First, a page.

Samsung Galaxy S5 vs iPhone 5S


iPhone 5S

Aside from the 64-bit processor, the biggest selling point of the iPhone 5S is probably its Touch ID fingerprint scanner. Just rest your finger on the home button and it will unlock the phone and it can also be used to replace your iTunes password, so tedious password typing is a thing of the past. The M7 motion co-processor is pretty cool too as it allows the phone to double as a fitness tracker, registering all your movements without draining the battery.

Samsung Galaxy S5

The Galaxy S5 takes a leaf out of Apple's book by including a fingerprint scanner of its own. It also has a heart rate monitor and an improved S Health app, making it similarly useful for fitness fanatics, a download booster which combines 4G and Wi-Fi for extra speed and it's IP67 certified dust and water resistant.


iPhone 5S

An iPhone 5S shot

The iPhone 5S is one of the best camera phones around, thanks to an 8-megapixel snapper along with a 'True Tone' flash, which does a great job of reproducing colours accurately. The iPhone 5S can also shoot video in 1080p and has a 1.2-megapixel front-facing camera.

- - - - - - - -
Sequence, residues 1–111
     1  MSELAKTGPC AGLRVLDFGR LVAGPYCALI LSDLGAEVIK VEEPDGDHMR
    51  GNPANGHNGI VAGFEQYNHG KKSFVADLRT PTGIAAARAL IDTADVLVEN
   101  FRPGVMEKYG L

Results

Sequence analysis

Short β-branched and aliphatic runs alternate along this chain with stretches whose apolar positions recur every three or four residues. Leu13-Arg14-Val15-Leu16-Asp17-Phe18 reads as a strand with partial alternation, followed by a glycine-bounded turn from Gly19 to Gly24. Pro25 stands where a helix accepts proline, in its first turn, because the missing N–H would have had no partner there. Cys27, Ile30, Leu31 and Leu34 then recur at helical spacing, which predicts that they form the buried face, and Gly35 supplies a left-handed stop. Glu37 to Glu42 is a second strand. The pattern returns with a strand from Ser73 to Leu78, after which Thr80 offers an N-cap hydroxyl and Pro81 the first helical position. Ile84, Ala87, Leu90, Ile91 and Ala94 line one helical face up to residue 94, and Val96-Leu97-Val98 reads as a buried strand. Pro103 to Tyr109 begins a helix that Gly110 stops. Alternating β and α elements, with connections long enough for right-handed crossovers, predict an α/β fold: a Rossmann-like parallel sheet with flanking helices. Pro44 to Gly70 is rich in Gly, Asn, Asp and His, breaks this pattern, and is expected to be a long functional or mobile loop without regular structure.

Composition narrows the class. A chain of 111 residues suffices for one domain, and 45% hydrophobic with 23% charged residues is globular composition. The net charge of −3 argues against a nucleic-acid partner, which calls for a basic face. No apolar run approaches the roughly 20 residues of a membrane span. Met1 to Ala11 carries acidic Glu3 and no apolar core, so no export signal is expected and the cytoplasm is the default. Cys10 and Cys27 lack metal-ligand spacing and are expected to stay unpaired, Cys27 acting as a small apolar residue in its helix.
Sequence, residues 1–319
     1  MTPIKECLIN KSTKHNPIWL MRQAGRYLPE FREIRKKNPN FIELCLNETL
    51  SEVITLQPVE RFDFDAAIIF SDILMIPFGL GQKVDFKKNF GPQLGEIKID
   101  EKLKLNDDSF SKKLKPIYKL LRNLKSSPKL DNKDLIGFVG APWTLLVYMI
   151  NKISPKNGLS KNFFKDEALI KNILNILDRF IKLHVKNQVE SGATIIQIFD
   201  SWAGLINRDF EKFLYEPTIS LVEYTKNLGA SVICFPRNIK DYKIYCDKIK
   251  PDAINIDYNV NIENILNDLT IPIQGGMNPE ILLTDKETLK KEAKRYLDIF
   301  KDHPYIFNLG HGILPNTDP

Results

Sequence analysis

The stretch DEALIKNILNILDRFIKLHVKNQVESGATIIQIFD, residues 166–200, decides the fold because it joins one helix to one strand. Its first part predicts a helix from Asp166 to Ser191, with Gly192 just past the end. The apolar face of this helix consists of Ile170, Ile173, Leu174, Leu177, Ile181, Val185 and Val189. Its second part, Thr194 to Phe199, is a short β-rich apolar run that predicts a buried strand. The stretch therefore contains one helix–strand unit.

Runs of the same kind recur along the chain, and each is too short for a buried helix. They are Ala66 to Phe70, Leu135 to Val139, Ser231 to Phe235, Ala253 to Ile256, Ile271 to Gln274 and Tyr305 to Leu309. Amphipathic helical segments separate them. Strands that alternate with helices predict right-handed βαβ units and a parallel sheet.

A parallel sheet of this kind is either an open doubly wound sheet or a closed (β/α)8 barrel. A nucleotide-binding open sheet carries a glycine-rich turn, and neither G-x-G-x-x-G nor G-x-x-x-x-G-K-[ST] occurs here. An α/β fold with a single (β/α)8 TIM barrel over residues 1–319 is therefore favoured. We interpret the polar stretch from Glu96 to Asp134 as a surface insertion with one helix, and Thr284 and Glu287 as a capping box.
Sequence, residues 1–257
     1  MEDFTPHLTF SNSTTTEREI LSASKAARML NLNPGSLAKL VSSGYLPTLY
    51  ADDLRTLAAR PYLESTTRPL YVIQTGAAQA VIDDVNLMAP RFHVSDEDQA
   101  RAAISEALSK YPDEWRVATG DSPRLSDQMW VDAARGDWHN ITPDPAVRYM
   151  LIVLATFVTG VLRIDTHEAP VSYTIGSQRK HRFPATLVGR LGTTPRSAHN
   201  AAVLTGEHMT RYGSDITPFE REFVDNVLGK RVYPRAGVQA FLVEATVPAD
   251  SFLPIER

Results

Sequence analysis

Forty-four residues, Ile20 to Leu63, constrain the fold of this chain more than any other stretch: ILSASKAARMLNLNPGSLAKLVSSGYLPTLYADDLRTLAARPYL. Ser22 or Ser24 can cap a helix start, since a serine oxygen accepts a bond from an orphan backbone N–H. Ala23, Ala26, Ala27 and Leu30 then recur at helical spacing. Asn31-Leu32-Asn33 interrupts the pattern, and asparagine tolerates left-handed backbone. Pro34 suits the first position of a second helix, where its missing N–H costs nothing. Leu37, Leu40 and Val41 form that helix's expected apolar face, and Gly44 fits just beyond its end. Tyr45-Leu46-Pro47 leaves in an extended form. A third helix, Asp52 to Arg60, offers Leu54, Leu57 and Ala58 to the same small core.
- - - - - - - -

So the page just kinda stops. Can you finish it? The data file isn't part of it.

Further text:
Samsung Galaxy S5

A Galaxy S5 shot

The Samsung Galaxy S5 has far more megapixels - 16 to be precise. It's also very fast, as it can take pictures in just 0.3 seconds, allows you to alter the focus of a shot after taking it and it has a real-time HDR mode, which shows you how HDR will affect a picture before you take it. It can shoot videos at up to 4K and it has a 2.1-megapixel front-facing camera, so on paper at least it should out-snap the iPhone 5S.


Even though the iPhone 6 has come along and impressed, the iPhone 5S is still a really solid offering. If you're a fan of the smaller form factor and like the metal design you'll love the iPhone 5S.

Updating it to the latest iOS 8 software paired with an impressive camera makes for a good set up and adding in features such as TouchID make it a great option for iOS fans.

Android lovers will find the update to the Galaxy S5 exciting and also frustrating - TouchWiz just isn't a great overlay. Even though the design has been proven rather lacklustre, for a cheaper price and an impressive set up under the hood this is a really strong option.

We've only really skirted round the edges here though - for a full look at these phones check out our full reviews of the Galaxy S5 and iPhone 5S.

James Rogerson

James is a freelance phones, tablets and wearables writer and sub-editor at TechRadar. He has a love for everything ‘smart’, from watches to lights, and can often be found arguing with AI assistants or drowning in the latest apps. James also contributes to, and and has written for T3, Digital Camera World, Clarity Media and others, with work on the web, in print and on TV.